To prevent OIC, common prophylactic measures are used; a standard “bowel-regimen” consists of nonpharmacologic agents (fiber, fluids), as well as stool softeners, laxatives, and bowel stimulants.3,13 Occasionally, prophylactic measures are inadequate and refractory constipation is managed by using suppositories and enemas and reducing or discontinuing causative medications.
The American Society of Interventional Pain Physicians and the European Association for Palliative Care recommend use of laxatives when initiating opioids for cancer pain, although both note that evidence is lacking and 1 laxative is not superior to another.8,13 For patients taking opioids for noncancer pain, there are no published guidelines or recommendations; most patients are anecdotally prescribed laxatives with different mechanisms of action except bulking agents that are contraindicated in OIC (Table 1).3,9,13,14 Although use of different classes of laxatives appears to be synergistic, even with appropriate prophylactic bowel regimens, only 50% of patients experience relief of OIC.3,14,15 Patients who are able to maintain physical activity, tolerate oral fluid intake and fiber in their diet, are more often able to avoid the constipating effects of chronic opioid use.13–15 Our patient was not able to maintain these therapies because he was confined to bed after dural tear repair.
When prophylactic measures fail, consideration for more aggressive interventions, such as Peripherally Acting Mu-Opioid Receptor Antagonists (PAMORA), are indicated. The American Academy of Pain Medicine and the American Gastroenterology Association recommend the use of the bowel function index (BFI) to evaluate for the presence and severity of OIC. The BFI is a 3-item questionnaire (1, ease of defecation; 2, sensation of incomplete bowel evacuation; 3, assessment of overall constipation), with each item scored from 0 to 100. A BFI score of ≥30 is recommended as an indication to initiate a PAMORA or other newer-generation bowel agent.14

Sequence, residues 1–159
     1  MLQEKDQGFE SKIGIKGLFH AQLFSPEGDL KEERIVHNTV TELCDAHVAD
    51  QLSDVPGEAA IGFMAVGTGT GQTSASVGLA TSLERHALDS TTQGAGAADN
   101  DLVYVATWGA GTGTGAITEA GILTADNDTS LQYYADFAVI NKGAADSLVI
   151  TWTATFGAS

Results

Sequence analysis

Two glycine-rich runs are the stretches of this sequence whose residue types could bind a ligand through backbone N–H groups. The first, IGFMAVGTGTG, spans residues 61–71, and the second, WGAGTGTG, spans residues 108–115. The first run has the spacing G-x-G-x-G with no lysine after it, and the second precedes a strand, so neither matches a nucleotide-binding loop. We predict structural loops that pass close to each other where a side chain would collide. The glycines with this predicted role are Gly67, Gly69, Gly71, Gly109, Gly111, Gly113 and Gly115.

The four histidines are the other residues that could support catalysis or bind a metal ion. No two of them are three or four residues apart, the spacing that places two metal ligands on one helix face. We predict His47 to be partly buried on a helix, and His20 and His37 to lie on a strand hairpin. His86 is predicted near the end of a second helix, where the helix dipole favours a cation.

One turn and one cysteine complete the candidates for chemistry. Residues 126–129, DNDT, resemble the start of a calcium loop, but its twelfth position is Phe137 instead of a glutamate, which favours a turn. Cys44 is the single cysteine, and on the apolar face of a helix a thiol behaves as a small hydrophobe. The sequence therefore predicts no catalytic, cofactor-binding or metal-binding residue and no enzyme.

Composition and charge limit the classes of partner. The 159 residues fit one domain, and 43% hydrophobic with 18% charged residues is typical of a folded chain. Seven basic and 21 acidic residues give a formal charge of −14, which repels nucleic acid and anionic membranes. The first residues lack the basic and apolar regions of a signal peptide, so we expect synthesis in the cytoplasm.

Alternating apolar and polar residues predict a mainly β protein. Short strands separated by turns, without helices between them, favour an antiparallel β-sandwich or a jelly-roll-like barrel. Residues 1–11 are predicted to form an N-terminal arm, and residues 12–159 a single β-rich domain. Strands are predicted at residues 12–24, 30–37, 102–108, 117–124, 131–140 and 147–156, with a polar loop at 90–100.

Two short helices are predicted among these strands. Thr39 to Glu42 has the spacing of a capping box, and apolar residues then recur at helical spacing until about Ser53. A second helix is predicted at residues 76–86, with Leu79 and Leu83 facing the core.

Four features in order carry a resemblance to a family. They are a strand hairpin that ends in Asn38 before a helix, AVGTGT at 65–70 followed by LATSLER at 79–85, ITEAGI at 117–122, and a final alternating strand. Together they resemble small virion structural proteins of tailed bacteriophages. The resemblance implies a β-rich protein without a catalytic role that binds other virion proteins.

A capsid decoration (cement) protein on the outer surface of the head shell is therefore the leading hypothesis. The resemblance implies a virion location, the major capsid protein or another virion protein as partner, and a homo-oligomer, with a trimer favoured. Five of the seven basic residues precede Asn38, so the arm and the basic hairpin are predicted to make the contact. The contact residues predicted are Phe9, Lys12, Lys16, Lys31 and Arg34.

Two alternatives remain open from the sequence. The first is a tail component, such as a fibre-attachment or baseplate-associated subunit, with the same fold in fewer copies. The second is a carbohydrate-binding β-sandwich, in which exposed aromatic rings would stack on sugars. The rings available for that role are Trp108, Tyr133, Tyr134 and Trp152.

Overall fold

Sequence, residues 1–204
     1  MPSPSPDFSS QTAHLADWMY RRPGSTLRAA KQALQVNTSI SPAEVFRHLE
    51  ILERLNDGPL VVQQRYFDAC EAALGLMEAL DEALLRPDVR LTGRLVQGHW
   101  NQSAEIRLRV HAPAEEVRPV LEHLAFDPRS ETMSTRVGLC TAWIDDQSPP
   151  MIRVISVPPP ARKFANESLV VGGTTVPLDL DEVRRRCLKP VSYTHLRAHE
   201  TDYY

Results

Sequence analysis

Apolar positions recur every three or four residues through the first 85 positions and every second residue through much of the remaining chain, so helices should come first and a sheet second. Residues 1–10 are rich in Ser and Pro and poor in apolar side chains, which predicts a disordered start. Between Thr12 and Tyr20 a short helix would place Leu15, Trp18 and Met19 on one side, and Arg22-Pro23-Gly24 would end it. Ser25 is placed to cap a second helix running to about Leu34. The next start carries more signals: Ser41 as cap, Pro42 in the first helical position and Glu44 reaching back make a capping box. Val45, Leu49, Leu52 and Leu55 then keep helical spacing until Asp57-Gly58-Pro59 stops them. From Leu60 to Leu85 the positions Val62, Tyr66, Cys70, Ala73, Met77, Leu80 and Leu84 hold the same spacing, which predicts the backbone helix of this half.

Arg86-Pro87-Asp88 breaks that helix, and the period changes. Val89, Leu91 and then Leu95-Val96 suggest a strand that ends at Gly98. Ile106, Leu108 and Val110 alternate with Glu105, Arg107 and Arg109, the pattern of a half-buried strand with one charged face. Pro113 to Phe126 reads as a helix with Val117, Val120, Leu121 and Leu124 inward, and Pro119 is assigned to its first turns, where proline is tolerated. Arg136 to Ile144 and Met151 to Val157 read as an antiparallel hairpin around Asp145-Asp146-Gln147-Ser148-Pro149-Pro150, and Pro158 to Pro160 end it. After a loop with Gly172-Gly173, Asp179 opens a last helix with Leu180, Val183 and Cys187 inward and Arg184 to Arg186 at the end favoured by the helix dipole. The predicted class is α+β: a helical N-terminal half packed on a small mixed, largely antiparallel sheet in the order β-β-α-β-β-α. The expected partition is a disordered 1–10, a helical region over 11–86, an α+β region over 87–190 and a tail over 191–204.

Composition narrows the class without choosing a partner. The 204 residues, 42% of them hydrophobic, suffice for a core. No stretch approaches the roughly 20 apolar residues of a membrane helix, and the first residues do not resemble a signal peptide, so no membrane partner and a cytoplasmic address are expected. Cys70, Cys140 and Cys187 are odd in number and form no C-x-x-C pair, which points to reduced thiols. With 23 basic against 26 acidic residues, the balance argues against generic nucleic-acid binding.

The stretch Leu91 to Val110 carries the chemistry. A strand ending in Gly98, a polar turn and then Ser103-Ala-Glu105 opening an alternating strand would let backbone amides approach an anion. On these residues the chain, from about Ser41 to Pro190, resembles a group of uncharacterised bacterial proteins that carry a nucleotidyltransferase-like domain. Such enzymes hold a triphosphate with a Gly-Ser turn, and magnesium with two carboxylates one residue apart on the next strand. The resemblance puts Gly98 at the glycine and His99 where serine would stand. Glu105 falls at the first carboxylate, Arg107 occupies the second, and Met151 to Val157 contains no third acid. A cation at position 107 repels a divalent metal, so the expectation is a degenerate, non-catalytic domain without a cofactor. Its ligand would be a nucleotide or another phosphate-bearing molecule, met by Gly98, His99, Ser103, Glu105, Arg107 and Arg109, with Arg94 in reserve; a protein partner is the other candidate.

In 2008, methylnaltrexone was approved by the US Food and Drug Administration (FDA) for treatment of OIC in palliative care populations and adults with chronic noncancer pain.7 Laxation occurs in 48% of patients within 4 hours of administration of a single dose.7 Methylnaltrexone can be administered via subcutaneous, IV, or oral, per os routes in recommended doses of 8 mg for patients between 38 and 62 kg, 12 mg for 63–114 kg, and 0.15 mg/kg for patients above these ranges.15 Higher doses may result in increased abdominal pain but not improved or quicker resolution of constipation.13 While methylnaltrexone is typically used as a second-line agent, its use as a scheduled prophylactic medication has shown superior control of OIC.10 The most common side effects of methylnaltrexone are abdominal pain (~21%–38%) and nausea (9%).6 With the continued increase in opioid prescriptions and public awareness of OIC, additional PAMORAs and other new classes of medications for OIC have been developed, each with side effects and warnings (Table 2).2,3,8,15
Methylnaltrexone is the oldest PAMORA in use and thus its risk profile for rare events is better understood. Bowel perforation has been associated with the use of methylnaltrexone in rare instances. While the mechanism for methylnaltrexone-induced bowel perforation is unknown, clinicians have been alerted to this association and encouraged to report such cases to the FDA.5 We queried the FDA Adverse Events Reporting System (FAERS) for reports of intestinal perforation associated with methylnaltrexone, and, from 2010 to 2017, there are at least 6 reported cases. A previous FAERS query from 2008 to 2009 reported 7 additional cases, with 4 that resulted in death with the causal mechanism being disruptions in the integrity of the GI tract.5 Our patient had several risk factors for bowel perforation: diverticulitis and a distant history of bowel rupture requiring anastomosis, OIC, and Ogilvie syndrome. Additionally, our FAERS query also included the newer PAMORAs (Table 2). As with methylnaltrexone, there are multiple reports of intestinal perforation with these medications as well.
Patients on chronic narcotics, and those exposed to opioids in the perioperative setting, are at risk for OIC. Over-the-counter laxatives are frequently used for prophylaxis; however, there is limited evidence to support this intervention. When these fail, newer-generation medications for OIC are indicated but may carry significant risks. Before the decision to use methylnaltrexone is made, a survey of risk factors should be done.
Name: Kevin A. Blackney, MD.
Contribution: This author helped review, draft, and edit the manuscript.
Name: Nirav V. Kamdar, MD.
Contribution: This author helped review and edit the manuscript.
Name: Chang Amber Liu, MD, MSc, FAAP.
Contribution: This author helped review and edit the manuscript.
Name: David A. Edwards, MD, PhD.
Contribution: This author helped review and edit the manuscript.
This manuscript was handled by: BobbieJean Sweitzer, MD, FACP.